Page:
- This article is about the kosher restaurant in New York City. For the former British jewellery company, see Gerald Ratner.
|Food type||Jewish kosher dairy (milkhik) restaurant|
|Street address||138 Delancey Street, on the Lower East Side of Manhattan|
|City||New York City|
Ratner's was a famous Jewish kosher dairy (milkhik) restaurant on the Lower East Side of New York City. Since it did not serve meat in deference to the kosher rule about not mixing milk and meat products, it was often regarded as a complement to Katz's Deli.
Ratner's was founded in 1905 by Jacob Harmatz and his brother-in-law Alex Ratner, who supposedly flipped a coin to decide whose name would be on the sign. Ratner sold his share in the restaurant to Harmatz in 1918, and it remained in the Harmatz family from then on. Jacob's son, Harold Harmatz, took over the business in the mid-1950s, dying a year after the restaurant ceased operation in 2002.
Brunch was the main meal at the dairy restaurant, and up to 1,200 people were served daily at the peak of its popularity. Noted menu items included cheese blintzes, potato pancakes (latkes), hot onion rolls, and split-pea soup. Other key items were gefilte fish, poached salmon-in-aspic, kasha varnishkes, and vegetable borsht. and many recipes survive in print.
The original location was on Pitt Street in Manhattan, but the restaurant moved in 1918 to its better-known location at 138 Delancey Street, where it would remain until its closing. There was also a location on Second Avenue, operated by other members of the family. Until 1975, it was open 24 hours a day and therefore part of the late-night city scene popular with Jewish performers, actors, musicians, and gangsters. Entertainers Bill Graham, Al Jolson, Fanny Brice, Marty Allen, Eydie Gormé, Walter Matthau, Elia Kazan, Max Gordon, Groucho Marx, and Alan King were all regular customers, while gangsters Bugsy Siegel and Meyer Lansky frequented the Delancey location.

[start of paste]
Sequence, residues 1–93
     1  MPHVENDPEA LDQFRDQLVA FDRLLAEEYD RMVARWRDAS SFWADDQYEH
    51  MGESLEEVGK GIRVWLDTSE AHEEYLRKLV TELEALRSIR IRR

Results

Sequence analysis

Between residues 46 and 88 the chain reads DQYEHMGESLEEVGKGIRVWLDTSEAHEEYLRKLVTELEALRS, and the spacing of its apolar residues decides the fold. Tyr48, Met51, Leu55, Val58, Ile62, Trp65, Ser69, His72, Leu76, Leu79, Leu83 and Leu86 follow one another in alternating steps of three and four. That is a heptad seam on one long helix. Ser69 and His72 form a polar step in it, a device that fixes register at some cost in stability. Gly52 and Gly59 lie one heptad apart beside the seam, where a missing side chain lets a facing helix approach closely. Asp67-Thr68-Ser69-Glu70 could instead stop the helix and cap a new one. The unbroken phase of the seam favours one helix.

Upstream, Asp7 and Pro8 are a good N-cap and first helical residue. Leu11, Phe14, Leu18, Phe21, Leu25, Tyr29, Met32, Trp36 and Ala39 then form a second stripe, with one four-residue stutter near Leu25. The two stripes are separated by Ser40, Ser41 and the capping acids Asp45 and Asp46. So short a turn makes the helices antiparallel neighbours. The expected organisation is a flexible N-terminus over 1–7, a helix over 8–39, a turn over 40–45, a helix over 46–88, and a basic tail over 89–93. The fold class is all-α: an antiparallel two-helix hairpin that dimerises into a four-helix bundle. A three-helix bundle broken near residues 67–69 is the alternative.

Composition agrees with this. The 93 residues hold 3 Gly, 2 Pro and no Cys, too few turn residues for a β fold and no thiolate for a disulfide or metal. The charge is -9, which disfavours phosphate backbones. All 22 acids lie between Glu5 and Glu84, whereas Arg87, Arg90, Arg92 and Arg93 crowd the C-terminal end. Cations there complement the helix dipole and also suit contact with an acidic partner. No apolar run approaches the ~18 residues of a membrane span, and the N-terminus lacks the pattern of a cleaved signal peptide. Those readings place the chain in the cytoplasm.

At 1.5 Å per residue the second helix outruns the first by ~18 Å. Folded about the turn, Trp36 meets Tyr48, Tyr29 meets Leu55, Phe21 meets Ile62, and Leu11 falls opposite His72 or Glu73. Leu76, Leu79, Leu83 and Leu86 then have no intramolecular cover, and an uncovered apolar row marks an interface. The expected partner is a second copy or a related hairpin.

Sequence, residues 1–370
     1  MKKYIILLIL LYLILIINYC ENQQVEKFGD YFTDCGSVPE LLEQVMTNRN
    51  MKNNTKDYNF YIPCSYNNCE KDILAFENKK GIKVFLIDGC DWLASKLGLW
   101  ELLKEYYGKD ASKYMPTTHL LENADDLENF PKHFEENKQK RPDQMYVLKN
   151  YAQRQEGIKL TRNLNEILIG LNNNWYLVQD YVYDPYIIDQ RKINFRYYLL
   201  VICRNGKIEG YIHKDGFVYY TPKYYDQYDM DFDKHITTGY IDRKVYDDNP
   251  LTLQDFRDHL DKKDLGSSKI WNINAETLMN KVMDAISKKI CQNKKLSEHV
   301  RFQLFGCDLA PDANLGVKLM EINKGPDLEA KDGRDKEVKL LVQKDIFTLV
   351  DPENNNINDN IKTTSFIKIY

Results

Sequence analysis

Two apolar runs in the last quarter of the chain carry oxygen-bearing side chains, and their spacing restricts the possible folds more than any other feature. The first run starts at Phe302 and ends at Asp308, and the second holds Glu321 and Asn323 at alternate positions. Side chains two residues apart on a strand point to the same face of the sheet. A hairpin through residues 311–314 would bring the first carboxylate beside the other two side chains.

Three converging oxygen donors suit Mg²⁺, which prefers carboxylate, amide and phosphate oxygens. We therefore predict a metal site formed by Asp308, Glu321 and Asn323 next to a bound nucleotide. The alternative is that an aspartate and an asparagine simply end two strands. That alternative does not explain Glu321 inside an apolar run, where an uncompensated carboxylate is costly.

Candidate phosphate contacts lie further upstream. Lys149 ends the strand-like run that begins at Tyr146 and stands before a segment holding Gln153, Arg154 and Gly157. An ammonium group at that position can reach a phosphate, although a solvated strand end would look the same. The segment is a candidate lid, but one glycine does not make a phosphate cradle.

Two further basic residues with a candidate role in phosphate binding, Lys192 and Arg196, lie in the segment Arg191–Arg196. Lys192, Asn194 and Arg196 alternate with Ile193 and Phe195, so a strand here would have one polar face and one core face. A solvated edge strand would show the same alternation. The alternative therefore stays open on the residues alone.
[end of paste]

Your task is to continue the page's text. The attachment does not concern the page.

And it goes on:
Prior to the closing of the Delancey Street location, a back room at Ratner's was opened as a bar called "Lansky's Lounge," named after the then-deceased gangster who, according to Robert Harmatz, told the owners he was there so often that he deserved to have his own room. The lounge has since closed as well[when?], though another bar continues to exist in the space.
The Ratner's located at 111 Second Avenue, run by Abraham Harmatz, actually surpassed the Delancey Street restaurant in popularity for many years, especially during the late 1960s and early 1970s when the Lower East Side gradually became known as "The East Village" -- a hip and creative Mecca. In fact Sam Jaffe[disambiguation needed], the longtime night manager of The Second Avenue Ratner's, worked with Fillmore East impresario, Bill Graham, in stocking the Fillmore's mezzanine food concession with Ratner's baked goods.
A number of products are manufactured using the Ratner's name by King Kold, which owns the brand, including blintzes, crepes, potato pancakes, veggie pancakes, pirogies, matzo balls, and soups, which are distributed wholesale to supermarkets.
In 1975, Jacob's daughter, Judith Gethers, and her niece, Elizabeth Lefft, published The World Famous Ratner's Meatless Cookbook. Ms. Gethers authored seven cookbooks and assisted other chefs with their publications.
In popular culture
An exterior scene of Ratner's is shown in the movie The French Connection, where Angie and Sal Boca have a sunrise breakfast. Ratner's was also featured at the end of the "Christmas Waltz" episode of Mad Men, first broadcast on May 20, 2013. The exterior of the 2nd Ave. Ratner's is briefly visible in an episode of the "Naked City" TV show entitled "The Face Of The Enemy". The episode was set in 1961.
- Kosher History, accessed December 5, 2006
- "Ratner's Closes, For the Last Time," LowerManhattan.Info. Dated December 16, 2004; retrieved August 25, 2006.
- The Back Room
- King Kold Frozen Foods, accessed December 5, 2006